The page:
During Saturday’s Venice Production Bridge panel on “Challenges & Opportunities for the Arthouse Industry after the Pandemic”, a stronger emphasis was placed by panellists on the challenges currently facing the sector than on any opportunities which may now emerge.


Source: 2019 CJ ENM Corporation, Barunson E&A


Exhibitors, distributors and politicians all drew attention to the problems they now face, either individually or collectively. 

Sabine Verheyen, chair of the commission on culture and education at the European Parliament, reiterated comments she had made previously in Venice in urging that 1% of the EU’s Covid-19 recovery fund of €750bn be earmarked for the creative and cultural sector. 

The other source of potential EU funding is the next Creative Europe MEDIA programme. The European Parliament had asked for a doubling of its budget so that the programme would have €2.8bn at its disposal for the next seven years (2021-2027). The member states reduced that budget to €1.64bn.

“That’s hardly more than we had in the last seven years. I think it is not enough to help the sector come out of the crisis,” Verheyen warned. “What I think is important is that we either get more money out of the Recovery Fund or we need a much higher budget than we had in the past for the Creative Europe programme. That is what the culture committee is fighting for.” 

One issue raised by several panellists is how nervous many European cinemagoers remain about coming back to theatres, especially when their own governments are often encouraging them to stay at home.

“It’s easy to close cinemas. It is really hard to restart,” noted Christian Bräuer, president of the international confederation of art cinemas, CICAE, and of the German association of arthouse cinemas, AG Kino.

When one of the major film festivals is cancelled, panellists also observed, the knock-on events can be felt all down the line. If there had been no Cannes Film Festival in 2019, that would have meant no international launch platform for Bong Joon Ho’s Parasite, and the independent distributors and exhibitors across Europe that did bumper business with the South Korean blockbuster might have been deprived of one of their most successful titles of recent times.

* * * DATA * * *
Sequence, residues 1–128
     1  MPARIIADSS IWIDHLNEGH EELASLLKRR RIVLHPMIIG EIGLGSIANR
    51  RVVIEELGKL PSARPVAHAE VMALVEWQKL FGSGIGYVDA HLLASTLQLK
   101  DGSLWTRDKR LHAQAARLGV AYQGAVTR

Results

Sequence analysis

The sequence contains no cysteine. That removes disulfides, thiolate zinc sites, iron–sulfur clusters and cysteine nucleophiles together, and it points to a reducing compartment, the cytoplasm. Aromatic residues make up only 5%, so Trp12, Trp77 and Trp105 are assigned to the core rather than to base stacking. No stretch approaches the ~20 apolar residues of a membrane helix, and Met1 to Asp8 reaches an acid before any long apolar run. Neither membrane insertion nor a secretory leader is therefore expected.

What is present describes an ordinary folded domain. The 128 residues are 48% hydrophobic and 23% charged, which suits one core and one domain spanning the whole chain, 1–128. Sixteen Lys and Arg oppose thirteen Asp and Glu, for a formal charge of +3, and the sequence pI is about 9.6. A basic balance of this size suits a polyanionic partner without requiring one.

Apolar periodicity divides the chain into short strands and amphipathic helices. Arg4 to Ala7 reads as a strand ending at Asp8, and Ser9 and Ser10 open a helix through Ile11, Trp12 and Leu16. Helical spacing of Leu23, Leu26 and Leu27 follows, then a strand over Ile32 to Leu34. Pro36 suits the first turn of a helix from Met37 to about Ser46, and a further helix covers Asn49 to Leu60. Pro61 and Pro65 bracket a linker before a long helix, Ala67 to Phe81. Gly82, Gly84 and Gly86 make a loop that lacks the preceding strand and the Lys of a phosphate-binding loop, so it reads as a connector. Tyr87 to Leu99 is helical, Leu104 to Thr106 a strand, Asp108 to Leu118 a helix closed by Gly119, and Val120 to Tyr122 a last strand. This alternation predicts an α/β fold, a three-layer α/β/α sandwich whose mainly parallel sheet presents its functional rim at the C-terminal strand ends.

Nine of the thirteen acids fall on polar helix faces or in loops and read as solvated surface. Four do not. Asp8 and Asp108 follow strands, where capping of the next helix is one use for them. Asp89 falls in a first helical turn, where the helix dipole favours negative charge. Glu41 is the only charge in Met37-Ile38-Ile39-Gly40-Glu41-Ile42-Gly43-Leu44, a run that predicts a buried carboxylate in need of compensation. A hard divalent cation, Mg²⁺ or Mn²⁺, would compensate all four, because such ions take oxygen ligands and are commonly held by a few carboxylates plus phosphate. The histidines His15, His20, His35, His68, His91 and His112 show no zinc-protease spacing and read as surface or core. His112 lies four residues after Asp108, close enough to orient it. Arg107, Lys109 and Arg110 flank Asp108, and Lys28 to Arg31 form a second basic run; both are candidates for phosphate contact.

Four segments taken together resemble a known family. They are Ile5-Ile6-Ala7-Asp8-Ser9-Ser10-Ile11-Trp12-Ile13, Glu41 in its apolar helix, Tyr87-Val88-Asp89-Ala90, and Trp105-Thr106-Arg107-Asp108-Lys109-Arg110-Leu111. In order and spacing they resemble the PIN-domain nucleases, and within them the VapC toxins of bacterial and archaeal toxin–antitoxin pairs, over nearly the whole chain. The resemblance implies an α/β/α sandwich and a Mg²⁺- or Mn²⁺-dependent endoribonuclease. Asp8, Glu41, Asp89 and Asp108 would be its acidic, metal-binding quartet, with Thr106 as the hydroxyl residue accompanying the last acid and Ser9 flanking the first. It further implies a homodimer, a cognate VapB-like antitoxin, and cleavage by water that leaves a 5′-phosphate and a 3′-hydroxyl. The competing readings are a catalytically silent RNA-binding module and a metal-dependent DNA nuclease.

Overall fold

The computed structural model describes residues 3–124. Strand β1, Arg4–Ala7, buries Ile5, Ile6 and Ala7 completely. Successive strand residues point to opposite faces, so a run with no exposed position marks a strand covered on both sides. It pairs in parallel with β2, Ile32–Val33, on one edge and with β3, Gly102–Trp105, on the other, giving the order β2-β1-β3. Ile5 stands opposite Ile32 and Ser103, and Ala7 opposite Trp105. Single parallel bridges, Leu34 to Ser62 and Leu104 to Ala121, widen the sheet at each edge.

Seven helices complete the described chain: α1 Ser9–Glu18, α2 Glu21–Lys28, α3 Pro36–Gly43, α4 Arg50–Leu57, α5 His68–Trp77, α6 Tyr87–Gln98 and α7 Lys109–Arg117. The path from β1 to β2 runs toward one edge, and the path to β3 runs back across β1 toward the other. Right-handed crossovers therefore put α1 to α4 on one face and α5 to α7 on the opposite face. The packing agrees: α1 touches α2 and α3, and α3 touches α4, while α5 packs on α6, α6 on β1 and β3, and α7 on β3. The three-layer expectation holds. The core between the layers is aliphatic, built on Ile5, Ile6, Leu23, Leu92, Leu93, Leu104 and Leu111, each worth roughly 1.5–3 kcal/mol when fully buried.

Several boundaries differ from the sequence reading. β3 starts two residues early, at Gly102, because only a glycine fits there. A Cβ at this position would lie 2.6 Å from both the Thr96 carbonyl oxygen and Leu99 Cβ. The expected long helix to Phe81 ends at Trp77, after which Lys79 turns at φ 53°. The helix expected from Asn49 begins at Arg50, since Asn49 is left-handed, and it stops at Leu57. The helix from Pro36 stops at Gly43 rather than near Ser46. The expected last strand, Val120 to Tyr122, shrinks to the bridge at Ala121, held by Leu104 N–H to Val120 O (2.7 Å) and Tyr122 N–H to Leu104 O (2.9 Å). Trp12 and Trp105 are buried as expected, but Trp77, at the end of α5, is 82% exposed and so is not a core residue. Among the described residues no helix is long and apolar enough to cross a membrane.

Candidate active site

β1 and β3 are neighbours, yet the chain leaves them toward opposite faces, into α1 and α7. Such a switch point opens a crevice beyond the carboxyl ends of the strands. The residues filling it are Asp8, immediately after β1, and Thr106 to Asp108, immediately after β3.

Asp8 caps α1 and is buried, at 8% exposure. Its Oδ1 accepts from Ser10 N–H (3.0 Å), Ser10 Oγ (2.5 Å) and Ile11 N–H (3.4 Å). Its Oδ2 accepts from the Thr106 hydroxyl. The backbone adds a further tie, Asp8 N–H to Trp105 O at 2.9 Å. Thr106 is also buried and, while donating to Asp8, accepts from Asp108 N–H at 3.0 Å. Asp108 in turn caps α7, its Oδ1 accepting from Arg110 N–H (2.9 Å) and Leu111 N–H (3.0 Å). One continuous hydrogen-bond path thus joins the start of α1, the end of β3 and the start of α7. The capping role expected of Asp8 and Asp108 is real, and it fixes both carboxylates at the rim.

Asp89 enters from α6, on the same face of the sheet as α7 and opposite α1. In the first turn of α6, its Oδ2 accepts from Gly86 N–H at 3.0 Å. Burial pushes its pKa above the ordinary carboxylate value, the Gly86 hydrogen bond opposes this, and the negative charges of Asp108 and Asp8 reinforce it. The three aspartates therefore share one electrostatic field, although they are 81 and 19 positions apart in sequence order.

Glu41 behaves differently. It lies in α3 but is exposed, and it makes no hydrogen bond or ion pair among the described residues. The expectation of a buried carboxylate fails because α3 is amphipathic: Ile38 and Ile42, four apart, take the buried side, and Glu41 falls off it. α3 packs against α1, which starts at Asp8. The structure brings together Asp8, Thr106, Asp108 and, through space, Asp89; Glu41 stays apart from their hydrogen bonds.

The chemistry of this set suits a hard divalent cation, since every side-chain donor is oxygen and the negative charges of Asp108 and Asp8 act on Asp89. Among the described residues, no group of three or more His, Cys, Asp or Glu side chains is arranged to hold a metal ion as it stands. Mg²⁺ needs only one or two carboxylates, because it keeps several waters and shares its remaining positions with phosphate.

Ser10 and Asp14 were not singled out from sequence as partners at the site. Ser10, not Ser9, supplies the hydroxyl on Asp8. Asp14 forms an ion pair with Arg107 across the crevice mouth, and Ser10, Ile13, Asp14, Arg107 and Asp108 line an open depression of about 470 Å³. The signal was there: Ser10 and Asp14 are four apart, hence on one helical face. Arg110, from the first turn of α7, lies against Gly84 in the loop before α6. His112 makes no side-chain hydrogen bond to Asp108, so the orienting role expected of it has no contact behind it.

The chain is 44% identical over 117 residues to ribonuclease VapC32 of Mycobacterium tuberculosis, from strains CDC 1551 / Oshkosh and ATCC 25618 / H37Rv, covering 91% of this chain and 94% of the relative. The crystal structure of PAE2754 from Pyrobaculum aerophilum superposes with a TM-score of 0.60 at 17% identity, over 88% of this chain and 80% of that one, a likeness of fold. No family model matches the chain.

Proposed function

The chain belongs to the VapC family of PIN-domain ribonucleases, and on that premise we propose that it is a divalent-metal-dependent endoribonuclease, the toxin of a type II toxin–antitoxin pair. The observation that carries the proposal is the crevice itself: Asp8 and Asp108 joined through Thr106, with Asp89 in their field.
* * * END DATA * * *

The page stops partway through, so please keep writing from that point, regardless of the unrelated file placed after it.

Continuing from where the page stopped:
No one knows whether anything similar to Parasite would have emerged from this year’s Cannes had it gone ahead.

“We have to reintroduce the word joy,” argued Tinne Bral from leading Benelux arthouse distributor Imagine Film Distribution. “We have to try for every single film to create an event.”

She cited as an example a recent screening of Crash in Brussels that was followed afterwards by a remote Q&A with director David Cronenberg. The Q&A was beamed to cinemas across the country but was not available to stream, so anyone who wanted to watch it had to be in the cinemas. 

Brad also noted that the “decline in arthouse” across Benelux has been “very heavy” since cinemas reopened.

Marynia Gierat, director of Kino Pod Baranami and member of Krakow Film Klaster, spoke of a timely “Come To The Cinema” marketing campaign recently launched in Poland with the assistance of the Polish Film Institute. “We created this habit of cinemagoing and now it is really in danger,” warned Gierat.

However, she also explained how she scrambled successfully after lockdown was announced to find an online platform she could use for her cinema. “Actually, in four weeks, we managed to use a platform from New Zealand [Shift72] and we managed to open an online cinema four weeks after we closed the [cinema] doors.

“This was a plan B we really needed,” added Gierat. “This is what helped us survive.”

An optimistic note was struck by Vanja Kaludjercic, director of the International Film Festival Rotterdam. “We essentially do not have a frame of reference,” she said of the post-Covid-19 world. “That can be very exciting. There are things that can be used now as an experiment.”

However, Kaludjercic also noted that an event like IFFR, which had 349,000 visitors last year, will not “get close to what our audience can and should be” and that repercussions from the lockdown “will be visible the next year and down the line”.